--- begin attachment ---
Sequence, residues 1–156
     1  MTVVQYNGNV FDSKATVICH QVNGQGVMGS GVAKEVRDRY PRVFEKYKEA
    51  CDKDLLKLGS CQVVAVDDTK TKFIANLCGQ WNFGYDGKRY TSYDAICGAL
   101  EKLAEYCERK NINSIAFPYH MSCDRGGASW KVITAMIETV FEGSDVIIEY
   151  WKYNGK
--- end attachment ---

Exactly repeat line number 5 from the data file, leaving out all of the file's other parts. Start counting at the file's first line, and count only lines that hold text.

   151  WKYNGK